Horse Show Mornings

A friend on Facebook posted a picture of the laneway down to the paddocks at the facility I ride at.

It was a Saturday morning, she had just arrived to start her day showing one of the horses, and it was such a beautiful shot of the mist still lingering around the trees and fenceposts. Silent and peaceful ahead of the cacophony of a show barn on show day.

I sat and stared at that picture for awhile. The ache was not full force, but right then, I wanted to be there, experiencing the bustle of the morning. So many sensations worked their way through my memory, weaving in and out as I fell into the rabbit hole of the past, especially of the farm, and my horses.

I loved the walk up to the barn in the morning, seeing my horses gallop up through the mist when I called them for their early breakfast. They would careen through the loafing-shed pen, freshly coated in a healthy layer of dew. They would nicker and revel in post-gallop full body shakes, sending droplets of water in all directions, eyes bright in anticipation of their grain.

I used to stand at the gate, coffee in my hands, my own eyes heavy from a short night’s sleep, and let them blow their grassy breath on my face, jostling for position until we brought them all in. Happy snorts would fill the air in the barn. My herd knew when it was a horse show morning, because they were all in the barn late while the lucky candidate was braided (after dark) the night before. Horse show mornings meant early grain, and excitement as one of them got to leave for the day.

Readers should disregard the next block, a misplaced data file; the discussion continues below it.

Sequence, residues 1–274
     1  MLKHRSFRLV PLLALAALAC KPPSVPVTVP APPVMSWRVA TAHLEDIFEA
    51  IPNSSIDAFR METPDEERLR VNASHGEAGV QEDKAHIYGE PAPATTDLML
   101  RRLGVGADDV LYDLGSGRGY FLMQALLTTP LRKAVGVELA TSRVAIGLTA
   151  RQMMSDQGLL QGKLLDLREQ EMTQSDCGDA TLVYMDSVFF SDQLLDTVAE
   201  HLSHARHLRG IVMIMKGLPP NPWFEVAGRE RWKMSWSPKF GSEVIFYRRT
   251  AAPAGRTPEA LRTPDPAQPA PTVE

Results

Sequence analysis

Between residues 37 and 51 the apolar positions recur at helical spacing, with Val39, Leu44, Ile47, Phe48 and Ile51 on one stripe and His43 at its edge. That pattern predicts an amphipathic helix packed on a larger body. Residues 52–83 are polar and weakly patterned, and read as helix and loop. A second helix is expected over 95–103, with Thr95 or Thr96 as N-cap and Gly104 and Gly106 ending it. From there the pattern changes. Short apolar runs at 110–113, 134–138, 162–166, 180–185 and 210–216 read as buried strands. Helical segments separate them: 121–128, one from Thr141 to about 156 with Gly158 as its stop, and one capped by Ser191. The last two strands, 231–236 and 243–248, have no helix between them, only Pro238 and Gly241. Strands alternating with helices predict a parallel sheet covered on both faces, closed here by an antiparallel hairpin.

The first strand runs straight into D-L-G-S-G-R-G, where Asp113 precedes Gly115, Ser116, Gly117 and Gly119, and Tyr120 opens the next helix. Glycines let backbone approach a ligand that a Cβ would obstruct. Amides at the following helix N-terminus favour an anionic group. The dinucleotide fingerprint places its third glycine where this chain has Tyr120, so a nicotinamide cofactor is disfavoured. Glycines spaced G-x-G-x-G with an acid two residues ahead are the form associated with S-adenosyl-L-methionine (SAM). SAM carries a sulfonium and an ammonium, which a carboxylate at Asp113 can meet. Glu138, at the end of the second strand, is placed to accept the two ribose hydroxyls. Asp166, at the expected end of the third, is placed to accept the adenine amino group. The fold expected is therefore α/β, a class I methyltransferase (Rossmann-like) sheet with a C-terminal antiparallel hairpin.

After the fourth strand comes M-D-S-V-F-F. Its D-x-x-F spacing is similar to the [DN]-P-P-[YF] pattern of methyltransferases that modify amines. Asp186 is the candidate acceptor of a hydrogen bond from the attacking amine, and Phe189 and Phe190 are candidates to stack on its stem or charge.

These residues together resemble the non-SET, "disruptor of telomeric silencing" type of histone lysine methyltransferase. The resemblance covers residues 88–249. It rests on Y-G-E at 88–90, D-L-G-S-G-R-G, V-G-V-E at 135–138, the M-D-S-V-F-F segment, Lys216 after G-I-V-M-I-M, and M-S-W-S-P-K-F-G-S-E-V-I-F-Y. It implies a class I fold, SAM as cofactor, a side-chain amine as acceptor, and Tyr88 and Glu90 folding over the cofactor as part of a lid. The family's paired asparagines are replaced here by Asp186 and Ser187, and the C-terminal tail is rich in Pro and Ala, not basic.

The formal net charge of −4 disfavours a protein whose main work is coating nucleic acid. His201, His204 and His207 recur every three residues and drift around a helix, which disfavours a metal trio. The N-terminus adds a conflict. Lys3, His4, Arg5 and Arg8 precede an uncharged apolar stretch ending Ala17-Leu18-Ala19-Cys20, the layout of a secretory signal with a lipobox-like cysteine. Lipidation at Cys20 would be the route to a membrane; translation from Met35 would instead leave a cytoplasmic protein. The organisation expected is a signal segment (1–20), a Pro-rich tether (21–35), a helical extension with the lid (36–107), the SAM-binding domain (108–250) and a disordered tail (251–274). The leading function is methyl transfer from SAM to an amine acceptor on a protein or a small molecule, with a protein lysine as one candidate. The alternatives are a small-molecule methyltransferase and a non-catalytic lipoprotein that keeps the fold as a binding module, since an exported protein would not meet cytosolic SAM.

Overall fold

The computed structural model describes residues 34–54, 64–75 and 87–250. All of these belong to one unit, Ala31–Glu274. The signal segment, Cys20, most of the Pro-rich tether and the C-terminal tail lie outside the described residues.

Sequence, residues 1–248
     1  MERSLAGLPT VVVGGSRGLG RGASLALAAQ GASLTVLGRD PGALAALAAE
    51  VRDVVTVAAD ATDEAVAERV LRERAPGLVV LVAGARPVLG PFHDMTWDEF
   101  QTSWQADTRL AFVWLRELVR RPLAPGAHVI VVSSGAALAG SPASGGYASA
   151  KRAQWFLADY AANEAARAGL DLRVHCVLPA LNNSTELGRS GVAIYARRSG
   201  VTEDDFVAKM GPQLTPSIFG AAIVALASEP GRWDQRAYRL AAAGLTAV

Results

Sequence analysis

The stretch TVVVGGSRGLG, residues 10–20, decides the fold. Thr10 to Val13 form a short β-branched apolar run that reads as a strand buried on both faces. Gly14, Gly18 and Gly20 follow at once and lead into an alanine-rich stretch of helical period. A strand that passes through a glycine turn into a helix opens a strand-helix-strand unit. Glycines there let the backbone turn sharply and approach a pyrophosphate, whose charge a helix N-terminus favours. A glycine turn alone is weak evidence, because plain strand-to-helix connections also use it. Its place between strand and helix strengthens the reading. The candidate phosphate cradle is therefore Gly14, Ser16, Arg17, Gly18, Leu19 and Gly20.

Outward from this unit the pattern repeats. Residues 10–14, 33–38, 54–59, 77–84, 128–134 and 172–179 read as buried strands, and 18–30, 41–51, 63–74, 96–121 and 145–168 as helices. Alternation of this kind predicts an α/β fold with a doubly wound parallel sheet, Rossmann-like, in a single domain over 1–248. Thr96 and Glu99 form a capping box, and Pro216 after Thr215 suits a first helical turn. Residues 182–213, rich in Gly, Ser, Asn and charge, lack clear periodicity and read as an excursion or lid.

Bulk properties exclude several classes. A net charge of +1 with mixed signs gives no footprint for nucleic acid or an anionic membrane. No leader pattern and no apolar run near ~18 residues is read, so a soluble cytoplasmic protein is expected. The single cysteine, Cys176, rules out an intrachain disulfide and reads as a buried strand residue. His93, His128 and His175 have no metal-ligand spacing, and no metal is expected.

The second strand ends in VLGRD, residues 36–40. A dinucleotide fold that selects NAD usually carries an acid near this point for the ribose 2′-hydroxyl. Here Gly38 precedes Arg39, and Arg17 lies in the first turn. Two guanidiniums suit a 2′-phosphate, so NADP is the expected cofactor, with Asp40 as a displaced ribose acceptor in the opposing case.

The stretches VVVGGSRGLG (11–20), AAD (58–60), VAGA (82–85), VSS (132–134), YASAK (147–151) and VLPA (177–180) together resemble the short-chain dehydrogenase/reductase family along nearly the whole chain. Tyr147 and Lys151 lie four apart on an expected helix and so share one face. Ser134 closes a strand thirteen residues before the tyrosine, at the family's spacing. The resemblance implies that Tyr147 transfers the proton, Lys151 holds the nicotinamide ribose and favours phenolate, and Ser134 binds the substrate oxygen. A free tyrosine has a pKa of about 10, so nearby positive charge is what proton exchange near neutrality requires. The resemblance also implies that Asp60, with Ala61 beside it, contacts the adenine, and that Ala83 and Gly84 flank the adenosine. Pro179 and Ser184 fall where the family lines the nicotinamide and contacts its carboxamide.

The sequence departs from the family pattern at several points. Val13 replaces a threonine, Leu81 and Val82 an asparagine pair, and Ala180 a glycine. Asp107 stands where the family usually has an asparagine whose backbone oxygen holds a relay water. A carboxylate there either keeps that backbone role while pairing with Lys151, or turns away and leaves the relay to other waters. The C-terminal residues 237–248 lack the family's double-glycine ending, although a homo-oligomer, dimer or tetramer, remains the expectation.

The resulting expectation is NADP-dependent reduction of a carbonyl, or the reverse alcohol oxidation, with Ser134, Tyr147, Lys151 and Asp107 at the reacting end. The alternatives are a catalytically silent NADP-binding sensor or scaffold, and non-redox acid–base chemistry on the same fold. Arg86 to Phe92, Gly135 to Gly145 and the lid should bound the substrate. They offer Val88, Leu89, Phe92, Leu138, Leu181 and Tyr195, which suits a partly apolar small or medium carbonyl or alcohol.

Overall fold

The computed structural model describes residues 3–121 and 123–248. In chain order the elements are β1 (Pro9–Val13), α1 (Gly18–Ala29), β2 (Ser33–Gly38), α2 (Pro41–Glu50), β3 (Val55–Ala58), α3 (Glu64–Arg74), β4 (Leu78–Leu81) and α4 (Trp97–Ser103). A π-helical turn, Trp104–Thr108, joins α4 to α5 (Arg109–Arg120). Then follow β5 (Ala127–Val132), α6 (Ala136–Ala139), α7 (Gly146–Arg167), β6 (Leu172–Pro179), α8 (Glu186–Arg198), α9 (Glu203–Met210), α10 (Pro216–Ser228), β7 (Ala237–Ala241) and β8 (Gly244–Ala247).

Those first few moments of quiet and peace, seeing the mist rising in tendrils off the pasture, hearing the early songs of birds from the big Oak trees, and feeling the first frisson of anticipation for the day was one of my absolute favourite things. Sometimes I would stand in the big rolling doorway once we opened it, leaning on the doorframe, just breathing in the moisture from the air, centring my mind before I had to get moving.

So that picture, in a heartbeat, brought memory into sharp focus, in contrast to the gossamer edges of the foggy fence lines and sand ring it captured.  It brought a wish for one of those “this is why I do it” validations that scatter through the effort and craziness that is showing horses.

Maybe someday I’ll be standing in the doorway again, having a Horse Show Morning moment. It won’t be exactly the same, of course, I don’t own my own horses or take care of my own barn anymore.

But I have a hunch it will feel very familiar.